A study as published in Lancet Healthy Longevity looks at risk of being reinfected with SARS-CoV-2 up to 10 months following a first infection.
Prof Rowland Kao, the Sir Timothy O’Shea Professor of Veterinary Epidemiology and Data Science, University of Edinburgh, said:
“By comparing individuals who had previously tested positive for COVID-19 vs. those who had not, this study shows substantial levels of protection is retained over the duration of the study – i.e. for those initially infected between June and November 2020, how many become re-infected between October 2020 and Feb 2021 compared to those who were not infected in the initial period. Long lasting natural immunity is likely to be an important component of keeping total infection numbers down, as it means that there is some additional long lasting protection for those who have been infected but who have not yet been vaccinated, even for a substantial period after initial infection. The study also has similar results to an earlier study in Denmark with a similar design, which showed good protection for most people for up to six months after infection. While the Danish study shows reduced protection for the elderly, the evidence here is that protection remains high, however the numbers of subjects involved in the study would indicate some caution in generalising. Also, the study does not allow us to infer anything about whether others, for example with pre-existing health conditions, those from higher risk ethnic groups, or those who have had long covid, for example, are similarly protected. Thus vigilance in protecting those most vulnerable must continue to be a key feature of our approach to COVID-19 control measures for the foreseeable future. An additional cautionary note is that because the delta variant only became prominent after the end of this study, the study does not inform directly the protection against reinfection with this variant, which is currently dominant in the UK.”
Dr Alexander Edwards, Associate Professor in Biomedical Technology, University of Reading, said:
“This high quality, study is vital as it provides more information about how well COVID-19 infection protects you for getting infected again. We do expect the immune system to be effectively trained by this type of viral infection, and remember the virus to protect us much faster every time we encounter the virus again. What we do know from other diseases is the level of protection can vary quite a lot. Some infections provide very strong, life-long immunity. The concern for COVID-19 is that we might not see complete protection or that protection might fall with time.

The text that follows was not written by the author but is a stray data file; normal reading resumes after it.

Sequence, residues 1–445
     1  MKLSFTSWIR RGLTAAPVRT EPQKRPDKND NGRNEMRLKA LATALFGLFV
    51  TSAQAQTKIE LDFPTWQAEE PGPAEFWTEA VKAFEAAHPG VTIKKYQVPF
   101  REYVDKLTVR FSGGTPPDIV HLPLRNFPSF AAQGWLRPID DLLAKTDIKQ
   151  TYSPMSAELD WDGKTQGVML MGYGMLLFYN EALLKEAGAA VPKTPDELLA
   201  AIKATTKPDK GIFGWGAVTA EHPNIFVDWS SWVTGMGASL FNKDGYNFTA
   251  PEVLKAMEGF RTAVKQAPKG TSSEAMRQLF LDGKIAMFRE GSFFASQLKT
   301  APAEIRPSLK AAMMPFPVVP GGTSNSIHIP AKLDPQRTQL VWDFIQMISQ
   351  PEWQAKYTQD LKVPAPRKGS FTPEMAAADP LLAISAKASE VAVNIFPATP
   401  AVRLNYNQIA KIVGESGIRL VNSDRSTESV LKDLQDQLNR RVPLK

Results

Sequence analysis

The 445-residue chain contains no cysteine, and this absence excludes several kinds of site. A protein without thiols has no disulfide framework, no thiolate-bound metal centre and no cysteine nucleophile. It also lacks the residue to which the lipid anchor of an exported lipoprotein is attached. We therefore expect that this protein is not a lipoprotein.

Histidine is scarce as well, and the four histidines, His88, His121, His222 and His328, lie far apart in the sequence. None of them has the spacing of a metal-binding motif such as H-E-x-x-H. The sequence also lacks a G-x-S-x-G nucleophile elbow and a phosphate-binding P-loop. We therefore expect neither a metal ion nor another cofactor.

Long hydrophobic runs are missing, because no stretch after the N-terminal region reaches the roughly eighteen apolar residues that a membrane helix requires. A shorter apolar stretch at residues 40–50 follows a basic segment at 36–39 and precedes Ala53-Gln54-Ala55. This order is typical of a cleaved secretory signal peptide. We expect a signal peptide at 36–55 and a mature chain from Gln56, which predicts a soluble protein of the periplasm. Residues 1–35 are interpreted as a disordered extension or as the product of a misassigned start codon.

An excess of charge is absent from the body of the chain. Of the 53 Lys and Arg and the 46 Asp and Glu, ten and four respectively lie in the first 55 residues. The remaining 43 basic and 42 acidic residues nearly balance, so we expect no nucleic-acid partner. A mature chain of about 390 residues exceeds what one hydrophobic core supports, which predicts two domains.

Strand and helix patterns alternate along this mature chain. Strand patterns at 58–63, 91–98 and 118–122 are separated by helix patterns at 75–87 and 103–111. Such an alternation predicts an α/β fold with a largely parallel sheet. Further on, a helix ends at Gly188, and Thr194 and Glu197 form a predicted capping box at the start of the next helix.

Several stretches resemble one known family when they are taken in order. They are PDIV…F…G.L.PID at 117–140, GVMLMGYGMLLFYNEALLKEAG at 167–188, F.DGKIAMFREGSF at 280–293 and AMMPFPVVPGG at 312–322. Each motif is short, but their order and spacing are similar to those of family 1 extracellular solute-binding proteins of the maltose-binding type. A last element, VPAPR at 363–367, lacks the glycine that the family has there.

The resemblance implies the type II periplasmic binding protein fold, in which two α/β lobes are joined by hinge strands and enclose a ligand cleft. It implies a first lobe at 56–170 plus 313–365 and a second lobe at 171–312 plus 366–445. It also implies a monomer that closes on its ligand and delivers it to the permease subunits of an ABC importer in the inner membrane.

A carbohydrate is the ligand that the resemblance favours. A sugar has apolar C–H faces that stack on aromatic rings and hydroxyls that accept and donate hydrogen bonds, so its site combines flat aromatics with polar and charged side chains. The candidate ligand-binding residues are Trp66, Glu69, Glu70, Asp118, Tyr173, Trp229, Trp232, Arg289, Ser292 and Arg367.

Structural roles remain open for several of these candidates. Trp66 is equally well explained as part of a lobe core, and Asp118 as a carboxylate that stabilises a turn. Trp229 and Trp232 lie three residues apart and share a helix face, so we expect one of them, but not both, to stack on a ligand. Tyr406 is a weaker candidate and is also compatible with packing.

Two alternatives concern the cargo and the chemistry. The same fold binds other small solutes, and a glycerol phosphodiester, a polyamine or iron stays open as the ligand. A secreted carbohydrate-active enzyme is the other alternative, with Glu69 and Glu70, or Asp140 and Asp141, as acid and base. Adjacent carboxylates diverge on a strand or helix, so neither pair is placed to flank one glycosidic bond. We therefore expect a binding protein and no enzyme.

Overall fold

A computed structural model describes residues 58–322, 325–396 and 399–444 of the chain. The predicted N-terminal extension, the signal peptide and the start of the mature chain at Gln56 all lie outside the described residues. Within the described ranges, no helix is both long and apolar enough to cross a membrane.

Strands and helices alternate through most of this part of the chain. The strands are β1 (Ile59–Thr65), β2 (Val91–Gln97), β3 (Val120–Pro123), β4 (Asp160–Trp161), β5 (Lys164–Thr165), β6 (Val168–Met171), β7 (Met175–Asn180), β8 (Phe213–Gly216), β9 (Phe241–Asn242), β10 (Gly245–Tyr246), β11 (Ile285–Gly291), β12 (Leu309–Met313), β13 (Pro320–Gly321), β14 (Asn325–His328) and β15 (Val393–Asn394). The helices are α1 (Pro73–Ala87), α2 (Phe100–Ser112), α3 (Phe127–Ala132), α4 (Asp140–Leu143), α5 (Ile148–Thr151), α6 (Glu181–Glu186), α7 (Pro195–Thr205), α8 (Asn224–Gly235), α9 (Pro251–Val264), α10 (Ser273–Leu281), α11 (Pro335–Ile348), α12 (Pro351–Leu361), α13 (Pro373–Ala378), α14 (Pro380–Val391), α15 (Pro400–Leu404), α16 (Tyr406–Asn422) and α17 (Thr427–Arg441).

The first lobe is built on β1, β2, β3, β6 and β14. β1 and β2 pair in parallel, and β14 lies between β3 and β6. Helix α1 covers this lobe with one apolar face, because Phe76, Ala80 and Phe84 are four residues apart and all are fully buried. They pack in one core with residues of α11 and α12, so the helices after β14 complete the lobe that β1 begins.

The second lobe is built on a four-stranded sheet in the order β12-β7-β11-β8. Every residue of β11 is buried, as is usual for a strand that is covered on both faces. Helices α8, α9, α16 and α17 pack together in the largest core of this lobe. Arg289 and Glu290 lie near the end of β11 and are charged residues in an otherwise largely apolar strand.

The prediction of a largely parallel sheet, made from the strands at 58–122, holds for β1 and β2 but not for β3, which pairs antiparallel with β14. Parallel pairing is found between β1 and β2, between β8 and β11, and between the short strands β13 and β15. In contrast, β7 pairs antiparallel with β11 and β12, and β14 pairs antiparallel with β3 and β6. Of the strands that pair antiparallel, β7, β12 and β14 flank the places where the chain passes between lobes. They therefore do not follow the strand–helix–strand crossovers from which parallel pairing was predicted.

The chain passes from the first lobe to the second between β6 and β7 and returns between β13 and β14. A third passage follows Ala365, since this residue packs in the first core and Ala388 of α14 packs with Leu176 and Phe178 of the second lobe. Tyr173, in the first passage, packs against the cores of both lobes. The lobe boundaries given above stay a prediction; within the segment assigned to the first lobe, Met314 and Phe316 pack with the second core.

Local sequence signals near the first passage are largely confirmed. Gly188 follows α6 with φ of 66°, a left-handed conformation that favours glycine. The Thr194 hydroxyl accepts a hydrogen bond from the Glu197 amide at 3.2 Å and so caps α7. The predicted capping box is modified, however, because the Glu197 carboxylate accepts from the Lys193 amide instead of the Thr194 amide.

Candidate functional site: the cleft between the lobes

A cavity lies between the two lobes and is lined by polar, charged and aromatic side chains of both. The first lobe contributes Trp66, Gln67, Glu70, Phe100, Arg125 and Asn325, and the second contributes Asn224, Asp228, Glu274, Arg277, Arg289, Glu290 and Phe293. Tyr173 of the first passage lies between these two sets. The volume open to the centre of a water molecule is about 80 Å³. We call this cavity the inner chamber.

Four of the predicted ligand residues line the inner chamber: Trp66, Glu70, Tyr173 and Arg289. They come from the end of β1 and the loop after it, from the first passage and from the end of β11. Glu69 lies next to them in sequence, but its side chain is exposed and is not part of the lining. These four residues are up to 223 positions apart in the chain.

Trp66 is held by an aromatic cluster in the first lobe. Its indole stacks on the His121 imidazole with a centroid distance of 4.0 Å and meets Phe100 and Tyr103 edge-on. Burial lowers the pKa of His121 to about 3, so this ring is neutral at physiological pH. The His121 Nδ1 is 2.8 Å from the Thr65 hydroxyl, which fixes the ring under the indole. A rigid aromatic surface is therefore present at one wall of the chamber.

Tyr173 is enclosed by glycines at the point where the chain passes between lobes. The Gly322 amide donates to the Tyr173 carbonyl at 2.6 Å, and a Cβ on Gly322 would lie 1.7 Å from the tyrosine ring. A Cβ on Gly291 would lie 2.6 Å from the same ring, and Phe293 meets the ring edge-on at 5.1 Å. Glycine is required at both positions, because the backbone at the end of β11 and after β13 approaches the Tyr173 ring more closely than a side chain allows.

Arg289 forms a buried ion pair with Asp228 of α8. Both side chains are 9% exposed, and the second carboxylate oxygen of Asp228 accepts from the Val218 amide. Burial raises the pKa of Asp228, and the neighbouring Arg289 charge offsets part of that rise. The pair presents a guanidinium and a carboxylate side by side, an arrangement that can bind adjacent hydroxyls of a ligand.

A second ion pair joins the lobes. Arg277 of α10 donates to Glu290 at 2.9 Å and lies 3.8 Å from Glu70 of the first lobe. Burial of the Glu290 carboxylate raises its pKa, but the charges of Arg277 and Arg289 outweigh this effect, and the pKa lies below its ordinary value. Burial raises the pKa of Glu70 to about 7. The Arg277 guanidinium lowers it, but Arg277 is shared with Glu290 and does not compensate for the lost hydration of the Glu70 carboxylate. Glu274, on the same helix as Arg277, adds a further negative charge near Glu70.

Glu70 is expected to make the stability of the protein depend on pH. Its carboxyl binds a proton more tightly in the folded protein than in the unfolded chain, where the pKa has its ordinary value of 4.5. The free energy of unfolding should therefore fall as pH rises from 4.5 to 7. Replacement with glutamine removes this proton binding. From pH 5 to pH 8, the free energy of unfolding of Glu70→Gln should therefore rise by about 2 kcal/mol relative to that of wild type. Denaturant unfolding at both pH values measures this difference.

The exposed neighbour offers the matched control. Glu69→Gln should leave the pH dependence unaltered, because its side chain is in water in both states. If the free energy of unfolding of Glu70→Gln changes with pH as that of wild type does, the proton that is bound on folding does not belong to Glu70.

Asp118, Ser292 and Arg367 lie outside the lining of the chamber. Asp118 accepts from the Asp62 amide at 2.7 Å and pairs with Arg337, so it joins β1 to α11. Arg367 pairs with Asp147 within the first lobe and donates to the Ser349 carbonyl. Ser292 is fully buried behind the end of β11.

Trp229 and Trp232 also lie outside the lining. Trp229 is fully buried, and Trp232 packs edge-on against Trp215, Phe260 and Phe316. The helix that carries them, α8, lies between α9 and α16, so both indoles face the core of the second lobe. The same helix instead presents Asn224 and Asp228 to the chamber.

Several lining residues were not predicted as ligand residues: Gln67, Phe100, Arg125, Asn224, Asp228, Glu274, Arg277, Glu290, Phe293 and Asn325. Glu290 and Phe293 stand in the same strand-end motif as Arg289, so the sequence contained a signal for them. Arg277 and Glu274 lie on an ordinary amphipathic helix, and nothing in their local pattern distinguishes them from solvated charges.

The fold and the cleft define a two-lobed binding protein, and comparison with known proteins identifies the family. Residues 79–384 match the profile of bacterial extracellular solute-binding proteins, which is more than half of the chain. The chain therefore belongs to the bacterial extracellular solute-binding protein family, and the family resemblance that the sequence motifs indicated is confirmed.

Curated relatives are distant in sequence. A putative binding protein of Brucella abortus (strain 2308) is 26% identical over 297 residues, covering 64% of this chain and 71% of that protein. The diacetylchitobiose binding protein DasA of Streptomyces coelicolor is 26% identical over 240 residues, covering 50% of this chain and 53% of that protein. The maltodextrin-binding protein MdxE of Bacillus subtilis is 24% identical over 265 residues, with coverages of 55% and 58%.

It’s therefore great news to see that in the two groups studied here, reinfection wasn’t seen very often, confirming that recovering from COVID-19 infection does give some protection. However, the authors conclude “previous infection reduced the risk of reinfection by approximately 85% in residents and 60% in staff members” so it’s important to also confirm that reinfection does occur- so protection is not complete. We still that expect natural infection should protect against more severe infection, but we still don’t have enough data to know this.
“What is perhaps surprising is how uncertain we still are about the level of protection following infection. The authors use the word “approximately” because even for this excellent, detailed study, relatively small numbers of people can be used to calculate protection. It turns out it’s harder to answer this critical question than you might expect, and indeed harder than testing vaccines. With vaccines, you plan carefully a large group of people, and use placebos and controls to be able to precisely count how many people get infected. With natural infection, you are monitoring people who happened to get infected, so there becomes much more uncertainty. Indeed the success of vaccination programs brings this type of study to an end, because when people become vaccinated you can no longer follow protection after natural infection.
“Measuring the level of immune protection provided by prior infection is vital, for public health planning and for predicting rates of spread or hospitalisation, and if this level changes from 60% or 85% or 90% (either over time or with variants) it would make a very big difference to the rate of spread. It’s therefore important to remember how hard it is to pin this number down accurately.”
Prof Ian Jones, Professor of Virology, University of Reading, said:
“The finding of long lived protection in previously infected care home staff and occupants adds more support to recent experimental data showing that bone marrow plasma cells, those cells that produce protective antibodies, can be found in people for up to a year following infection. There were concerns early in the pandemic that protection would be short lived but this data suggests otherwise and it is particularly encouraging that this applied as much to those over 65 as those under. If the same is true of vaccinated individuals, which seems likely, boosters may not be needed as frequently as has been supposed. The few people that did become reinfected all had low virus levels suggesting that virus circulation will remain suppressed in immune populations which in turn will limit the occurrence of variants.”
‘Incidence of SARS-CoV-2 infection according to baseline antibody status in staff and residents of 100 long-term care facilities (VIVALDI): a prospective cohort study’ by Maria Krutikov et al was published in Lancet Healthy Longevity at 23:30, Thursday 3 June 2021.
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Prof Ian Jones: “No conflicts.”
None others received.